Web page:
New Publication: Tunable pseudo-magnetic fields for polaritons in strained metasurfaces

Congratulations to final year PhD student Charlie-Ray Mann whose theory paper, entitled ‘Tunable pseudo-magnetic fields for polaritons in strained metasurfaces’, has been published in the prestigious journal Nature Photonics.

The work has also been featured on the University of Exeter’s news website.

Charlie-Ray Mann, the lead scientist and author of the study, explains:

Charlie-Ray Mann- lead scientist and author of the paper published in Nature Photonics

The interaction between charged particles and magnetic fields gives rise to some of the most fascinating phenomena in physics, ranging from the beautiful Aurora Borealis to the famous quantum-Hall effect. Unfortunately, because photons do not have an electric charge they are inert to real magnetic fields as they do not experience a Lorentz force.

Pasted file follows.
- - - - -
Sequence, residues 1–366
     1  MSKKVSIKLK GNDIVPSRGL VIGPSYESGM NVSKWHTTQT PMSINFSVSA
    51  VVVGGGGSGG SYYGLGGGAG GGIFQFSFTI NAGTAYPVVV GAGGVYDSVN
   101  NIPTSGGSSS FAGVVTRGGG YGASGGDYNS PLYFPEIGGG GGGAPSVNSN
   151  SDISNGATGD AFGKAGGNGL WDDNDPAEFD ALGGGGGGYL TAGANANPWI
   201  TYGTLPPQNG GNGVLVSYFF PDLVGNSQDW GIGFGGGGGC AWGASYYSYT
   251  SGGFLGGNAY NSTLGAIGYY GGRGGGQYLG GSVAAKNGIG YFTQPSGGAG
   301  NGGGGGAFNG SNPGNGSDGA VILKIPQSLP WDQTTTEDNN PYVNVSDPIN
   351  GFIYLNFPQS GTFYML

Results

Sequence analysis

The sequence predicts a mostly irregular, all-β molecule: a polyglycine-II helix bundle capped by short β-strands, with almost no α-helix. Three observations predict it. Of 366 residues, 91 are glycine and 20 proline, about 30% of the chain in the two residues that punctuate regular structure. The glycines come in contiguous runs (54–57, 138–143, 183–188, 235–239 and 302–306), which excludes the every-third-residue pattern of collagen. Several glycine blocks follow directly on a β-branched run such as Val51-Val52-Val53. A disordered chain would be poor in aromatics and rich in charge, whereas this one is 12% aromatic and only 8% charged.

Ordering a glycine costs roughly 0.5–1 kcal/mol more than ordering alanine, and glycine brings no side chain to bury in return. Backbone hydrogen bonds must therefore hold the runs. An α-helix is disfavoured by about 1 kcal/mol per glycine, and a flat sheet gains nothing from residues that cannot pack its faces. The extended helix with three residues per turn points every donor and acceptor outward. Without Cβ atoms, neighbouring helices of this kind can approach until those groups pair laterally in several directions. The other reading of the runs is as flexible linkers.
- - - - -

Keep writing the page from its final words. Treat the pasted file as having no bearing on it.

Taking inspiration from graphene physics, we have shown that you can generate `artificial’ magnetic fields for light by distorting honeycomb metasurfaces in a specific way. These distortions generate a ‘synthetic’ Lorentz force which can deflect the surface polaritons into effective cyclotron orbits, and for larger distortions one can also observe Landau quantization of the polaritons — phenomena once thought to be exclusive to charged particles.

However, the main drawback with this approach is that to change the artificial magnetic field one is usually required to modify the distortion in the lattice. This is extremely challenging, if not impossible to do with photonic structures, hindering our ability to tune the artificial magnetic field after the structure has been fabricated — that is, the artificial magnetic fields are usually fixed by design.